I’m a creative professional with a project management certification. Interesting “left-brain/right-brain” combo, right? As a designer, I’ve always looked to level up my design skills: being faster and more proficient with keyboard shortcuts, learning new techniques in Adobe programs, challenging myself with comprehensive projects, etc. However, a few years back, I realized that I needed something to give me an edge in my career (I was getting weary of the corporate scene) and also a methodical way of tackling big personal goals that I so often left hanging in the balance midway through starting. It’s not that I was doing bad; I just wanted to do better.
I heard through the grapevine that project management was the way to better organizational skills, planning and execution. But I also heard all the gripes of current and yet-to-be PMPs who preached how grueling and pain-staking the exam was. Honestly, their testaments were intimidating, but I had already made up in my mind that obtaining project management certification would provide me with a much needed turning point in my career.
At the time of my revelation, I had recently bought my first home and finances were a little tight (no one told me I would be living in Home Depot for the first month). I was also knee deep in work at my full-time job and my with own personal clients. Nevertheless, I started a high-risk/high-reward journey of self-study and bootstrapping my way to PMP certification. I’ve never enjoyed tests or been the best standardized test-taker. But I was determined to prove to myself that I could tackle this beast of an exam and add a skillset that I believed would be a benefit to my life and career.
In no way, shape or form am I suggesting that my way was the only way, or the best strategy. However, it did work for me. Along with a lot of coffee and prayer, here’s the formula that allowed me to bootstrap my way to passing the PMP exam on the first try:
I’ve designed professionally for the last 15 years across the corporate, non-profit, entrepreneurial, small business, and start-up landscape. Self-improvement and diversification have always been paramount for me; I was looking for a way to level-up my mindset, skills and opportunities — and find a way out of the corporate scene.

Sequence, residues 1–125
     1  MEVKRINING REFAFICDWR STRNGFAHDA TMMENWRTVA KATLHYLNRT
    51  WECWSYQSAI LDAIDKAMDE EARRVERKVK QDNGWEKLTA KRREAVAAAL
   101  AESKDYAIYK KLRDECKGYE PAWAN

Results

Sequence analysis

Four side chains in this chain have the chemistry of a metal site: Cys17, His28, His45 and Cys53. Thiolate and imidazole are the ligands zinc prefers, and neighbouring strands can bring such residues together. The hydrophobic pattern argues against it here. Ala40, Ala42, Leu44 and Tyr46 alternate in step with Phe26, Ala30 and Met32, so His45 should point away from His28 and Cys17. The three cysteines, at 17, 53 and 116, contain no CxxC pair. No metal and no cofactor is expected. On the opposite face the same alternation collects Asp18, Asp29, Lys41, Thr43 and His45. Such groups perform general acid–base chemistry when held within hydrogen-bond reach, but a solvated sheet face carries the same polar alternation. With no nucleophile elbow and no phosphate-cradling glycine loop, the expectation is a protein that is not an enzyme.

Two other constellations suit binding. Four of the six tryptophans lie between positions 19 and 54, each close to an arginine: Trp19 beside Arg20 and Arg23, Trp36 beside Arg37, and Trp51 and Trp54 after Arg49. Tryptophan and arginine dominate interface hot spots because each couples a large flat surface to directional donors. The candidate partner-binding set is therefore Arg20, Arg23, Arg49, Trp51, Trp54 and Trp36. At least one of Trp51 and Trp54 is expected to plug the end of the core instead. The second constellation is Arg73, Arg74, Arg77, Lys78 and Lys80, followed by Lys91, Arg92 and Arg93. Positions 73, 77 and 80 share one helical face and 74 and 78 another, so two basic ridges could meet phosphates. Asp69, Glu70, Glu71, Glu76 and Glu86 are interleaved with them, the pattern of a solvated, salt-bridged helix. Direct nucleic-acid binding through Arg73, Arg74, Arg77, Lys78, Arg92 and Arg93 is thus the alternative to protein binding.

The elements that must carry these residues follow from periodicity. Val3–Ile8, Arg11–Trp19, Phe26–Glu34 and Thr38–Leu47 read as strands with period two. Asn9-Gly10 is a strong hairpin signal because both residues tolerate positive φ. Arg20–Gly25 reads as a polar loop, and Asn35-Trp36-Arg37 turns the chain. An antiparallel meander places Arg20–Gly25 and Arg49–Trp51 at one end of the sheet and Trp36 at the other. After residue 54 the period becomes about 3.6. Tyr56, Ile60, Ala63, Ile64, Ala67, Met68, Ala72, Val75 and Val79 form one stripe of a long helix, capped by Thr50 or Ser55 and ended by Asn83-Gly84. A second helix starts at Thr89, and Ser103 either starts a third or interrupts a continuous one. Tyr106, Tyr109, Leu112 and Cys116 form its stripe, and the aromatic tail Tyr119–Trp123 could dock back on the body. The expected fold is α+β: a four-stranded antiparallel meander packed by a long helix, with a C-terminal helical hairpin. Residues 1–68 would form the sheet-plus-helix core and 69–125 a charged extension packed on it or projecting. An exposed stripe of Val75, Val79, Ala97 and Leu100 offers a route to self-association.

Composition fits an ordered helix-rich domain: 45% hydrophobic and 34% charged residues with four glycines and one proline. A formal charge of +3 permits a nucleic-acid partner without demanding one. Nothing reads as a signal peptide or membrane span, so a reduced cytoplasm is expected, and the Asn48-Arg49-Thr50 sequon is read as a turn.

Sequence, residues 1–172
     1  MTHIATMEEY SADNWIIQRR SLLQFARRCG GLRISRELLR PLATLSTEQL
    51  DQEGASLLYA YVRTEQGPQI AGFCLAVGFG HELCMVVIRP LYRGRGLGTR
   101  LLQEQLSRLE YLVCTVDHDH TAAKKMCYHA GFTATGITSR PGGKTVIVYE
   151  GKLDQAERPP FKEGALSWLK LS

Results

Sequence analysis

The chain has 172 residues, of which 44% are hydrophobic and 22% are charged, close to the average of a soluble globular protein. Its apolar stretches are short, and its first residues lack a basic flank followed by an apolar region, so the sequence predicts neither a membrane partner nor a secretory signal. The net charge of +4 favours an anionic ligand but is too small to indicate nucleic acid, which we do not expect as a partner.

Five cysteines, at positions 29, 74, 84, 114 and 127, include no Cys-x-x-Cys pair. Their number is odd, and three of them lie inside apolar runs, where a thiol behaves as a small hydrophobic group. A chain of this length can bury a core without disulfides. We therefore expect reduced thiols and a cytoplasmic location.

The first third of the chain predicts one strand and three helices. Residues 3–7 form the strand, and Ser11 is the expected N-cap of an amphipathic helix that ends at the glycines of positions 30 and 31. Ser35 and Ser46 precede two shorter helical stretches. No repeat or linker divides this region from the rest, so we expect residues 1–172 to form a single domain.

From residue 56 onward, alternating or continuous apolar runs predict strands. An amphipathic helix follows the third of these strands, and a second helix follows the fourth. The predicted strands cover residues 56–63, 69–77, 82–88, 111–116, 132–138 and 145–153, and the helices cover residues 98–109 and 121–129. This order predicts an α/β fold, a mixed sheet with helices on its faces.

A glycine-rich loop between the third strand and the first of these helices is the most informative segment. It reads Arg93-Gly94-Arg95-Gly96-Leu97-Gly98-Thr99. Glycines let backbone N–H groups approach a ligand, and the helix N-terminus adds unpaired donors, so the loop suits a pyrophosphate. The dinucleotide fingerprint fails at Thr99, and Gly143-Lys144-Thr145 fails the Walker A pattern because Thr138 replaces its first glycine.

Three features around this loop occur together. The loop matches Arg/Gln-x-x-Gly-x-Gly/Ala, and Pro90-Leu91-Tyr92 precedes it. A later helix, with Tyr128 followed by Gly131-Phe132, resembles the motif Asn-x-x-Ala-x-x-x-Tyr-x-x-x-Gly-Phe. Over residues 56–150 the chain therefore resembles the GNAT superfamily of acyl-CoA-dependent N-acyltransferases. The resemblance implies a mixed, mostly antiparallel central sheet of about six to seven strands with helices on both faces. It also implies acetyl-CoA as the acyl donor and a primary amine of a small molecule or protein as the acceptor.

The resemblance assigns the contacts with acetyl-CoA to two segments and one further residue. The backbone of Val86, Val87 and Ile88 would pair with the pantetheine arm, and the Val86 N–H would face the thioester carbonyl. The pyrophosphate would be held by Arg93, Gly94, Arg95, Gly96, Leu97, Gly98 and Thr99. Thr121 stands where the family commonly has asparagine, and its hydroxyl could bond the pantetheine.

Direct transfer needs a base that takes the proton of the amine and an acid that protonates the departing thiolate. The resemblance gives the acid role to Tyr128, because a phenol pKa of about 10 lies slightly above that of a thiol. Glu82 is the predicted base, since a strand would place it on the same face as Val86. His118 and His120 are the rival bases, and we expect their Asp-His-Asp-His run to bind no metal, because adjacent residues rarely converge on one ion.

I heard of project management early on in my career and vaguely remember researching it. However, a few years ago — after working in the field for some time — I got more serious about enhancing my business acumen, strategy and organizational skills. I wanted to become more efficient in my planning and execution of design projects and I also wanted to find a way to distinguish myself from other designers. Once I made the commitment to obtain PMP status, it wasn’t just about self-improvement, but also about pushing myself to do something that others made seem near impossible.
I went through a few phases of “seriousness” before I got intensely focused and committed to studying for, and passing, the exam.
Phase One: Not that serious
The initiation of my project management journey started about a year before I even filled out the application to take the test. I had skimmed through a short project management overview book that I had bought a couple of years prior. I had also borrowed an outdated version of the PMBOK (Project Management Body of Knowledge) from a dear friend that started to collect dust at the bottom of my bookshelf. It was a start, I guess.
Phase Two: Kinda Serious
After convincing myself into getting more serious about the PMP exam, I began talking to some friends and colleagues that had already obtained their certification for advice. I purchased more focused study materials and even planned out a study schedule. I bought an online course and listened to some modules. I got about halfway through my book when I started suffering from fatigue and getting distracted by work and life. I would read here and there, with weeks — and sometimes months — in between chapters.
Phase Three: Not Even Playing Around
I got tired of hearing myself talk about what I was going to do, but not doing it. So in the summer of 2015, after completing my online PMP exam prep course, I filled out the PMP application (see requirements here). My application was approved and around September of that same year, I submitted ~$500 to take the exam, which was scheduled the week before Christmas. And there was the turning point. Once I had committed financially, I was all in. Wasting that type of money wasn’t ideal, so I locked in with a little under 3 months of prep time before the big day.
3. Prioritized Study